Pitt socialist, Marxist clubs express political beliefs, talk midterm elections


Ethan Shulman | Staff Photographer

A copy of Liberation: The Newspaper of the Party for Socialism and Liberation hangs in Posvar Hall.

By Allison Radziwon, Assistant News Editor

For Matthew Dorrycott, president of the Young Democratic Socialists of America at Pitt, Pennsylvania Lt. Gov. John Fetterman’s stance opposing fracking in his debate against Dr. Mehmet Oz was “disappointing.” 

“While I realize that he has to appeal to a certain voter base given that PA is a very big energy-driven state, it felt like he was very unprepared for the question and had to shill out a little, which is the unfortunate reality for a lot of Democrat politicians,” Dorrycott, a senior computer engineering major, said. “It does not change my stance on him as a Senate candidate, and I still fully endorse him over Dr. Oz.” 

With the upcoming midterm election on Nov. 8, students who do not identify with either the Democratic or Republican parties shared their political beliefs and thoughts on midterm candidates. Along with the Young Democratic Socialists of America, members of the Student Marxists of Pittsburgh also expressed their thoughts. 

Dorrycott said he will vote for Fetterman because of workers rights, and Attorney General Josh Shapiro, who is the Democratic candidate for governor, because of his pro-choice policies. 

“Fetterman has been really good on workers’ rights and utilization of efforts. I heard he came out to UPMC during the summer to the workers that were unionizing, and that’s great,” Dorrycott said. “And with Shapiro, we could be facing a major setback on women’s reproductive rights … because Doug Mastriano would want to completely criminalize abortion.” 

Corbin Canterbury, president of Student Marxists of Pittsburgh, said capitalism exploits the working class. According to Britannica, Marxism is an economic philosophy, developed by Karl Marx, that discusses the effects of capitalism on labor and argues for a worker revolution to overturn capitalism in favor of communism. 

“We think living under capitalism is something that doesn’t serve everyone in society. We think capitalism has inherent and basically irremovable contradictions that hold back society. And I think across the board, make your life much harder than it should be,” Canterbury, a senior history major, said. “We live in a system that exists to exploit us and to exploit our labor and our lives essentially. And, instead of just rolling over and accepting that we want to organize and fight back to make something better.”

Michael Bracken, vice president of Student Marxists of Pittsburgh, said the club’s goals include promoting Marxism on campus. He also said they welcome anyone with “leftist ideas.”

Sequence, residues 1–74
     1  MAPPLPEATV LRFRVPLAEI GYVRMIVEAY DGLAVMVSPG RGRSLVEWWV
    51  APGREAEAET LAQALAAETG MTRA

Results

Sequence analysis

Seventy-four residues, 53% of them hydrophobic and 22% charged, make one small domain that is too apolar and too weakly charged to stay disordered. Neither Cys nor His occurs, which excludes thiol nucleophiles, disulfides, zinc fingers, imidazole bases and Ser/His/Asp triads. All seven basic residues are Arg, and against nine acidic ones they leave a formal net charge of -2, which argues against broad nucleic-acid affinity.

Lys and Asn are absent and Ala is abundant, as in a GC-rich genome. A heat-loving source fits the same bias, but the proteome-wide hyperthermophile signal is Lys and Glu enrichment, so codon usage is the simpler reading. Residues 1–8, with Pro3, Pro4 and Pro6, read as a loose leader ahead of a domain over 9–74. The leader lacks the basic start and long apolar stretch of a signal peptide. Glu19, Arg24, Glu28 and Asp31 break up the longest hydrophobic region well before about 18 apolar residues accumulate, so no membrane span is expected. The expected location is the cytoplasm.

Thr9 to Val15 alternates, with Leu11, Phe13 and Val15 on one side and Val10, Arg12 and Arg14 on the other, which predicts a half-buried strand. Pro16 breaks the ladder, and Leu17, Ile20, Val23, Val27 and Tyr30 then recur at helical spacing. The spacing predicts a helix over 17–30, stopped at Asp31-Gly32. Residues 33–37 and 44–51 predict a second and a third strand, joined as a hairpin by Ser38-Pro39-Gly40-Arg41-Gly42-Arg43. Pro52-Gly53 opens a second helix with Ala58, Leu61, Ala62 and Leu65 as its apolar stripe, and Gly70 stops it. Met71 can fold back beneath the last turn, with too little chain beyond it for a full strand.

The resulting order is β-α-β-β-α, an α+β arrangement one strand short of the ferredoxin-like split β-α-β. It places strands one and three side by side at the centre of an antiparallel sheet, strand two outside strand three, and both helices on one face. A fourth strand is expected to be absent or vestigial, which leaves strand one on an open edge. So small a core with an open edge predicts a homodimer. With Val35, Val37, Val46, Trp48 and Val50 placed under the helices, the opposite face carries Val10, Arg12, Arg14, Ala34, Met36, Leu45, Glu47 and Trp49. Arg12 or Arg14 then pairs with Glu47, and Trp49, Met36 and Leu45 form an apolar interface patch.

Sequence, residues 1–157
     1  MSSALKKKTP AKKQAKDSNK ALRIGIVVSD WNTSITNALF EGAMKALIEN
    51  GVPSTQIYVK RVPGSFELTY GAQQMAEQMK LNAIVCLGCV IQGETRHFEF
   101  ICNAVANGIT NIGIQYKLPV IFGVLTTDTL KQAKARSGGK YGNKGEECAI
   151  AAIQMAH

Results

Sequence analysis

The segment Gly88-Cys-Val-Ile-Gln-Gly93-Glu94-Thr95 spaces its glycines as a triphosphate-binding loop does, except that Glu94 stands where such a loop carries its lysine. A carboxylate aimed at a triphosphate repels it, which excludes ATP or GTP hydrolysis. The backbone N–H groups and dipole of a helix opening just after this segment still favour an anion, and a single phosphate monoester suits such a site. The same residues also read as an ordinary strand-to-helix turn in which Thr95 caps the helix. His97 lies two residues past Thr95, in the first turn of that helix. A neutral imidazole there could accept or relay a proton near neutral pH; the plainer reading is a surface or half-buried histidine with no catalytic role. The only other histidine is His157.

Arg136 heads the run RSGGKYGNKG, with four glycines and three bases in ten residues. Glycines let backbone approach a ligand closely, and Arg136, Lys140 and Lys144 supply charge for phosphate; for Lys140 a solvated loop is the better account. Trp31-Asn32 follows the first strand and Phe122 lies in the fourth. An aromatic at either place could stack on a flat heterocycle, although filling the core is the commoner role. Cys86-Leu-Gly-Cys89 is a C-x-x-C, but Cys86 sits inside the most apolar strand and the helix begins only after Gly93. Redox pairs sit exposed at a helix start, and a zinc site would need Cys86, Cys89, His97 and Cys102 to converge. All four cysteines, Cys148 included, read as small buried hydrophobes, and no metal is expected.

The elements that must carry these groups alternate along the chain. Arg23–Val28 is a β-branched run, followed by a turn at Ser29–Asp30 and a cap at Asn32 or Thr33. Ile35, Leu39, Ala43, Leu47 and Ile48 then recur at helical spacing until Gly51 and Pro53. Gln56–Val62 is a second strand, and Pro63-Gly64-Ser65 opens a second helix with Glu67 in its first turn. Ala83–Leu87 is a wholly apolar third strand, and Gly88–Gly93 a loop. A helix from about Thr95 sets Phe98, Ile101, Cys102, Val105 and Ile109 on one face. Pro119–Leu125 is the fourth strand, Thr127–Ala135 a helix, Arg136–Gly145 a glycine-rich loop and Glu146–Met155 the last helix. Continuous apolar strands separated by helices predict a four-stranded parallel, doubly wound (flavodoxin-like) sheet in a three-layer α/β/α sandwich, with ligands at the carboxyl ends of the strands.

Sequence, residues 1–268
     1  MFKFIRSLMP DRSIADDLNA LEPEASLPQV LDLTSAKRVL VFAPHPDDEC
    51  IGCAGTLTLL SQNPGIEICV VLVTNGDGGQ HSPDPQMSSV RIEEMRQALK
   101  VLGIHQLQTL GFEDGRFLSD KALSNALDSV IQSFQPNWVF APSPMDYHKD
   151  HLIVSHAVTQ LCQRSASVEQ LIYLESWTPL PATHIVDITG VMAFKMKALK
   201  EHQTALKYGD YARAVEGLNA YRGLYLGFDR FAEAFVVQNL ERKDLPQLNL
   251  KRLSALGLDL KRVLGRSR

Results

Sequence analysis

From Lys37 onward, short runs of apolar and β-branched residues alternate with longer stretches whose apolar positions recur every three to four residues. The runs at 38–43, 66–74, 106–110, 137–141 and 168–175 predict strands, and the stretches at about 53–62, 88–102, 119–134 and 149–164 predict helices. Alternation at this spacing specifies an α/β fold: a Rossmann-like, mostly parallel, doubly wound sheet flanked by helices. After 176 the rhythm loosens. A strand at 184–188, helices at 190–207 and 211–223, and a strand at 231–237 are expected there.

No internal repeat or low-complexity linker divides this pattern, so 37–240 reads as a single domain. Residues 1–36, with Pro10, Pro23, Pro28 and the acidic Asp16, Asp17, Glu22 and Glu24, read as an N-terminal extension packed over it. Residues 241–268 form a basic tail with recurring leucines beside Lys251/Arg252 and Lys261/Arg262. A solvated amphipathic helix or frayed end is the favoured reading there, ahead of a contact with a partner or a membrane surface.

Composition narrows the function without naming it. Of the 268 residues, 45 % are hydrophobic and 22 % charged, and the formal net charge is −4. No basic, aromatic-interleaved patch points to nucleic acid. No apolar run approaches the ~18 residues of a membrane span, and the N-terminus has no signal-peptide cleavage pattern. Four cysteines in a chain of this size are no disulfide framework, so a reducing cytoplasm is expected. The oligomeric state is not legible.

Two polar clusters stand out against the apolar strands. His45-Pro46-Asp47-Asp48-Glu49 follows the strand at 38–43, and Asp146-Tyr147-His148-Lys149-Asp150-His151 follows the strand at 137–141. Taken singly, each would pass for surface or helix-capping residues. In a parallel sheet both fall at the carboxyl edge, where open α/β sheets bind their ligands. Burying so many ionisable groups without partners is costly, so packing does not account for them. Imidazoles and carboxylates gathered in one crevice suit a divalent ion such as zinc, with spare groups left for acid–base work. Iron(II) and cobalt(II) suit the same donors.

“Our main objectives are to discuss and promote not only Marxist ideas and theory on campus, but also to create links with the labor movement in Pittsburgh more broadly, which has been a major objective of ours,” Bracken, a senior history and political science major, said. 

Dorrycott said socialism is the act of using economics for social reform, and that the capitalist system isn’t fair for the working class. 

“There’s a myth that you can work to get success, but in reality, it’s all just luck. There’s no such thing as a meritocracy, but that’s what most people believe,” Dorrycott said. “But if the working class is able to come together and produce change and create the proper organization … the working class can create opportunities for themselves and provide a better organization of society for social issues.”

Bracken and Canterbury said they don’t support any specific candidates in the midterm election because the country does not have a “proper” political party that supports the working class. 

Bracken added that he wants workers to utilize their right to vote, but it’s hard to find a candidate to support in the current election. 

“It’s not that as Marxists that we don’t want people to vote, but we want to give people something worth voting for, which in the current political landscape is difficult to find,” Bracken said. “If a candidate were to break from the Democratic or Republican party as an advocate for a socialist program … that would represent a really radical opportunity in American politics. But I think in order to accomplish something like that … you first need to build the foundations of an independent working class party.” 

Canterbury also said he believes in the possibility of a proper working class political party in the future. 

“We have the largest working class mobilization of people, you know, in our modern generation, so to say that there’s no basis for a new party to come would be ridiculous, I’d say, because the energy is right there,” Canterbury said. “It’s just a matter of directing it into the right place and not letting it fizzle out or be co-opted.”